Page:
Nonverbal communication determines much of how we perceive explicit, verbal messages. Facial expressions and social touch, for example, influence affinity and conformity. To understand the interaction between nonverbal and verbal information, we studied how the psychophysiological time-course of semiotics-the decoding of the meaning of a message-is altered by interpersonal touch and facial expressions. A virtual-reality-based economic decision-making game, ultimatum, was used to investigate how participants perceived, and responded to, financial offers of variable levels of fairness. In line with previous studies, unfair offers evoked medial frontal negativity (MFN) within the N2 time window, which has been interpreted as reflecting an emotional reaction to violated social norms. Contrary to this emotional interpretation of the MFN, however, nonverbal signals did not modulate the MFN component, only affecting fairness perception during the P3 component. This suggests that the nonverbal context affects the late, but not the early, stage of fairness perception. We discuss the implications of the semiotics of the message and the messenger as a process by which parallel information sources of "who says what" are integrated in reverse order: of the message, then the messenger.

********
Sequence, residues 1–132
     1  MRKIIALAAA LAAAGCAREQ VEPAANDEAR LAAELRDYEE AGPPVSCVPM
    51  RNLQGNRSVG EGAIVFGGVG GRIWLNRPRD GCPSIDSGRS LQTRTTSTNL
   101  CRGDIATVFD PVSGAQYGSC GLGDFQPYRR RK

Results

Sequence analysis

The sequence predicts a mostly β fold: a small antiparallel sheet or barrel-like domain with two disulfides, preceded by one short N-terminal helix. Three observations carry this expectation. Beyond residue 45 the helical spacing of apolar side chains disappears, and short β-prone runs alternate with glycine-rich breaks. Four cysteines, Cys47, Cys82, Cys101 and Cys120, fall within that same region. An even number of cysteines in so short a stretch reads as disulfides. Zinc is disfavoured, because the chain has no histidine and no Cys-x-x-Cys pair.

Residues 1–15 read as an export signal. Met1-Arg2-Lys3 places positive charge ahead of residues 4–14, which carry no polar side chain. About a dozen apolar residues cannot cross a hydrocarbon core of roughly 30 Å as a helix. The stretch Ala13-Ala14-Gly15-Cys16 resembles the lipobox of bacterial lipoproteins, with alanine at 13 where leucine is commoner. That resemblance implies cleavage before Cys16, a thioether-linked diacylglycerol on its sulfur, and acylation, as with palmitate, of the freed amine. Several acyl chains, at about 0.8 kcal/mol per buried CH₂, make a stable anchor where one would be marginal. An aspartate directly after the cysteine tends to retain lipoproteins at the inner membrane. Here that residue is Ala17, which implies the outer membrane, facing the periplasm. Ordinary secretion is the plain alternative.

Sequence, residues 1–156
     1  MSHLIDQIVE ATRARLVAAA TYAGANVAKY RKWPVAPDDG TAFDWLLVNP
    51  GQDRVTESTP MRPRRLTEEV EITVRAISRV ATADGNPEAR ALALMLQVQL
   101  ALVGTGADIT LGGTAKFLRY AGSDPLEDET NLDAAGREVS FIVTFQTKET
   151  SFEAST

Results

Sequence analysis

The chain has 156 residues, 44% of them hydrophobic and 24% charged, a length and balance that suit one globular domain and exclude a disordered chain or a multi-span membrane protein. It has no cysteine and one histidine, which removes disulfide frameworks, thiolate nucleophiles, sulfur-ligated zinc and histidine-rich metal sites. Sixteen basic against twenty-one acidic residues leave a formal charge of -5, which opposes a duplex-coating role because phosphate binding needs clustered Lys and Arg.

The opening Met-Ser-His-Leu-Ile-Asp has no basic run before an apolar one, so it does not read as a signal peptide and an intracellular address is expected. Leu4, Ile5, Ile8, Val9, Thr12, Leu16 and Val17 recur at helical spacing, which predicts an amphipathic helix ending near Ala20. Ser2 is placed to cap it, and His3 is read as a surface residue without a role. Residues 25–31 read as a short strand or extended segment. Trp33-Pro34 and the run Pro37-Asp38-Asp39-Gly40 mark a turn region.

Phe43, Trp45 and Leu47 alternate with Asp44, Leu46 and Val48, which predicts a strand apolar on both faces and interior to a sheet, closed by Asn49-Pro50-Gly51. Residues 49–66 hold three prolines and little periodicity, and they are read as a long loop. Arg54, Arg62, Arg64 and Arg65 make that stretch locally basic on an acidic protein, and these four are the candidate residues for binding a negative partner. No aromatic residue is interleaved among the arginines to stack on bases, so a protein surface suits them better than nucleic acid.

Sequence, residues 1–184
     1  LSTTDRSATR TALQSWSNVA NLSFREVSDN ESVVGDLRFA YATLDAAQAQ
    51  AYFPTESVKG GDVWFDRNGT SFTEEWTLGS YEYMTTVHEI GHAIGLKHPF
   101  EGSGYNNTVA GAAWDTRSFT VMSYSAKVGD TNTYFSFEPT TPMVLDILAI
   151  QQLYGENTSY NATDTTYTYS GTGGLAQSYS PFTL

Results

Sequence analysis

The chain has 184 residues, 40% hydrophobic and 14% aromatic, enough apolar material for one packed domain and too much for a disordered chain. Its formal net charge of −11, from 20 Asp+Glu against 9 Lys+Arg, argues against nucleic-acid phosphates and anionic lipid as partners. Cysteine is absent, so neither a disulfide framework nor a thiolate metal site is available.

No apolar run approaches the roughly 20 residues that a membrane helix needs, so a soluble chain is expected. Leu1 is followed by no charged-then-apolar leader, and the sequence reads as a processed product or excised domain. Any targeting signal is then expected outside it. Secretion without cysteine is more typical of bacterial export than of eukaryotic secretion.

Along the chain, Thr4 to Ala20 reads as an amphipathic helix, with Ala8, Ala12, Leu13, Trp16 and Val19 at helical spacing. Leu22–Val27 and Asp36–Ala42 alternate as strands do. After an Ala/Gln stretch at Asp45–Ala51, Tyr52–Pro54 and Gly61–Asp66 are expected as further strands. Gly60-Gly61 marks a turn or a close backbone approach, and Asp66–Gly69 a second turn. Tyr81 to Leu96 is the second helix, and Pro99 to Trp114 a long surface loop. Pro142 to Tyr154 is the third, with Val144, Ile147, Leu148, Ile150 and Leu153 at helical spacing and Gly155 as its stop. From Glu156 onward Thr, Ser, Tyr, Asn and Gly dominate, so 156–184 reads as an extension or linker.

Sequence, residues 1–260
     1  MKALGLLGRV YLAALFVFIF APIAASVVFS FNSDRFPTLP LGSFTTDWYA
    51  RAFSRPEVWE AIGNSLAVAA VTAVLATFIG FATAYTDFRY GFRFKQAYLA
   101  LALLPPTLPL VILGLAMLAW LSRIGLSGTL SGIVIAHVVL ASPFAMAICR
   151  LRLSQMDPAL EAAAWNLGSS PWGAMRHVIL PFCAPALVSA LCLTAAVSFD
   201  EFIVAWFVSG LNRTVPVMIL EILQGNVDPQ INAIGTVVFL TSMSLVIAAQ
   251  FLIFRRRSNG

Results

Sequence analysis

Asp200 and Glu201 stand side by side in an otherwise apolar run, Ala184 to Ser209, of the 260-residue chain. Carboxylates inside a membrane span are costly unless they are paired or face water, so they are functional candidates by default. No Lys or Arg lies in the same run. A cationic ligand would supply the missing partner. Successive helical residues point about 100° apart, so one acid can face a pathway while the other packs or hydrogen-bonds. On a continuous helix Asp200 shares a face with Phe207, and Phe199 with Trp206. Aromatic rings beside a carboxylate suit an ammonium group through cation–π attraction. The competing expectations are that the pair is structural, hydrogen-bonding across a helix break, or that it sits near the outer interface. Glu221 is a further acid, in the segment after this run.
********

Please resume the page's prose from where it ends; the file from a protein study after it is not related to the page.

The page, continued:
|Lehti||Cognitive, Affective, & Behavioral Neuroscience|
|DOI - pysyväislinkit|
|Tila||Julkaistu - lokakuuta 2019|
|OKM-julkaisutyyppi||A1 Alkuperäisartikkeli tieteellisessä aikakauslehdessä, vertaisarvioitu|
- 515 Psykologia
- 3112 Neurotieteet